Armor: MRAP Kills JLTV


p> September 30, 2007: The U.S. Army and Marine Corps are in the process of spending $20 billion to buy over 20,000 MRAP (Mine Resistant Ambush Protected) vehicles. While the troops appreciate this, some the generals see serious problems  in the future, all because of the rush to buy lots of MRAPs. But for the moment, people in bomb resistant vehicles are much less likely to be killed or injured if they encounter a roadside bomb. Thus if all the troops who encountered these bombs were instead in a bomb resistant vehicle, casualties would be about 65 percent less. About half the casualties in Iraq are from roadside bombs. Thus the army and marines want to use these vehicles in areas most likely to have bombs, and reduce overall casualties by about a third.


The most common MRAPs in service are the Cougars. This vehicle, and the larger Buffalo, are more expensive to operate, and less flexible than the hummer, even an armored hummer. But MRAPs save lives. The Cougar and Buffalo vehicles use a capsule design to protect the passengers and key vehicle components mines and roadside bombs. The bulletproof Cougars and Buffalos are built using the same construction techniques pioneered by South African firms that have, over the years, delivered thousands of landmine resistant vehicles to the South African armed forces. These were a great success in the 1980s. The South African technology was imported into the U.S. in 1998, and has already been used in the design of vehicles used by peacekeepers in the Balkans. Basically, MRAPs are heavy trucks (12 tons or more) that are hardened to survive bombs and mines, and  cost about five to tem times more than an armored hummer. Several hundred of the current fleet MRAPs are Buffalos. This is a 23 ton vehicle, which is actually a heavily modified Peterbuilt Mac-10 truck. Costing $740,000 each, about the same as the smaller Cougar, they have added armor protection to keep out machine-gun bullets.


MRAPs are more expensive to maintain and operate than the hummer. That is seen as a major problem in the future. Another problem is that the large number of roadside bombs are a situation unique to Iraq. Once American forces are out of Iraq, the military would not need all these MRAPs. But these vehicles  are popular with many NGOs, and nations that have problems with rebel movements. So the U.S. could sell some of them, at used vehicle prices, to those buyers. Otherwise, they could be put in storage, because the higher operating costs, compared to hummers, would make for a highly embarrassing issue in the mass media.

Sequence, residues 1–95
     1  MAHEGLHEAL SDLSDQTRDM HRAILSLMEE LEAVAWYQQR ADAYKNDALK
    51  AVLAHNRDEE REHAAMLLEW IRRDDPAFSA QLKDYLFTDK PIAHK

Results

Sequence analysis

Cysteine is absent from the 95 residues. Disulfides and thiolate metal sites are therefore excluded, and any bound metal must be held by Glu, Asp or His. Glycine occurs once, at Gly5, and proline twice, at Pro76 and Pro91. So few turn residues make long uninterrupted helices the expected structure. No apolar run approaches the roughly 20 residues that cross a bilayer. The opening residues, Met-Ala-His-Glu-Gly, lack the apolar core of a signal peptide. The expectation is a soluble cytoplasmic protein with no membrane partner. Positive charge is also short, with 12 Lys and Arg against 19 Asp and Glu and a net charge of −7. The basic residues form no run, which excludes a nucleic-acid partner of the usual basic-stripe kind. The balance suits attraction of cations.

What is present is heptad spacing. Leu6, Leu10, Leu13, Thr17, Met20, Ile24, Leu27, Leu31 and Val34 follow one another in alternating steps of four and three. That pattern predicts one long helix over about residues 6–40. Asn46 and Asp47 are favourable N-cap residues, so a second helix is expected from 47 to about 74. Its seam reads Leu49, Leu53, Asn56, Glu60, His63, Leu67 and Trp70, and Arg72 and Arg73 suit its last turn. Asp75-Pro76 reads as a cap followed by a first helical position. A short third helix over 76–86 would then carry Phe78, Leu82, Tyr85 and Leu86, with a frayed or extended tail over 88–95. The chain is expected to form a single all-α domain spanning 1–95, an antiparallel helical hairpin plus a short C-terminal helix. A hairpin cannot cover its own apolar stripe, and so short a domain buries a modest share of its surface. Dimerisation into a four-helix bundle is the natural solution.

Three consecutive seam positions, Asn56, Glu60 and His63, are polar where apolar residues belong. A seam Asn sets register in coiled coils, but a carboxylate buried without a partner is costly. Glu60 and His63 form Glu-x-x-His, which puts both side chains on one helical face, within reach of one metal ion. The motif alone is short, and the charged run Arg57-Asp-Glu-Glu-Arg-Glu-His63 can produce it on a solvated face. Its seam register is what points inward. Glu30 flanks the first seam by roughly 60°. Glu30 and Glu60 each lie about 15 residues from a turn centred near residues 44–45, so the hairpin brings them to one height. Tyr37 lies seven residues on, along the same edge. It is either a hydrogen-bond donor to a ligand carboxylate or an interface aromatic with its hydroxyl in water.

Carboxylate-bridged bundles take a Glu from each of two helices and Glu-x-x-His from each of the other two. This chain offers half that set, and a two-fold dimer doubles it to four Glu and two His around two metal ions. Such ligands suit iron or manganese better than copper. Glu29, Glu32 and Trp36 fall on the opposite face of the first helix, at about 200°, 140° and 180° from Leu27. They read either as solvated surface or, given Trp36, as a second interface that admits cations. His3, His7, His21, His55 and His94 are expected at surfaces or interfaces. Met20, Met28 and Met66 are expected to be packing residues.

But with as many as 20,000 MRAPs on hand, keeping them in storage may not be an option. As a result, the U.S. Department of Defense has halted work on designing the hummer replacement (the Joint Light Tactical Vehicle or JLTV). Part of this is the fear that roadside bombs may become a persistent threat in the future. Of course, roadside bombs and anti-vehicle mines have been around for over a century. What has really changed here is the ability of American ground forces to greatly reduced their combat casualties, making losses from roadside bombs into a major source of losses. The mass media is largely innumerate and exploitatitive, so they ignore all other issues that impact troop safety (larger accident rate and less mobility, plus bomb detection and electronic warfare) because of armored trucks, and focus on only one aspect (protection from explosions). This eventually has an effect on government policy making, as in the halting of work on JLTV.